New research shows apprenticeships generate approximately £40 for each pound of British government investment.
Further education participants generate an additional £75bn for the UK economy over their lifetimes, new research shows. The study, commissioned by the Department for Business, Innovation and Skills examined the economic value generated by British government funded post-19 qualifications – including apprenticeships and NVQs.
According to the research, an apprenticeship is found to add the most value on average, compared to other learning streams. The return on investment for apprenticeships works out at around £40 for each £1 of British government funding, when taken as an individual’s first qualification at that level.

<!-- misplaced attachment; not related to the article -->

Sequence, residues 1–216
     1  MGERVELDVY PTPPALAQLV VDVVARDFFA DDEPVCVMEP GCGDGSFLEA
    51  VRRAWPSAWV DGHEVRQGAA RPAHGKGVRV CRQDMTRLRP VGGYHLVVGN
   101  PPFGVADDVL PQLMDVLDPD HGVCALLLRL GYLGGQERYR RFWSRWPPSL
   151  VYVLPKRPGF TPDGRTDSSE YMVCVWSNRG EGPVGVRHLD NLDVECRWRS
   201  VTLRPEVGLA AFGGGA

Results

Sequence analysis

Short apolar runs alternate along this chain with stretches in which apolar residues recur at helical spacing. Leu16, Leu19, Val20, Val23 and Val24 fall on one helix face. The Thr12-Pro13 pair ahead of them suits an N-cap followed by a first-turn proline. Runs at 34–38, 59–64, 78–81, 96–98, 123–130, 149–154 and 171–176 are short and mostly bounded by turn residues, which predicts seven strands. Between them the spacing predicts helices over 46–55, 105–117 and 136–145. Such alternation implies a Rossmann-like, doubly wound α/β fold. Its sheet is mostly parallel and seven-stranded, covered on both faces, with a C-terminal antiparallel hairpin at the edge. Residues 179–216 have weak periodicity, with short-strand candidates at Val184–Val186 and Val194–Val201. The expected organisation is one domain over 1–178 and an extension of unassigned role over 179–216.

“Further education is the unheralded triumph of our education system,” says John Hayes, Minister for Further Education, Skills and Lifelong Learning. “This research illustrates just how important it is to this country - our economy, society and individuals’ lives.
“That is why we are funding an unprecedented number of apprenticeships and freeing colleges from unnecessary burdens,” he continues. “We are also helping employers, colleges and training providers to work together to boost skills through the £50m Growth and Innovation Fund.”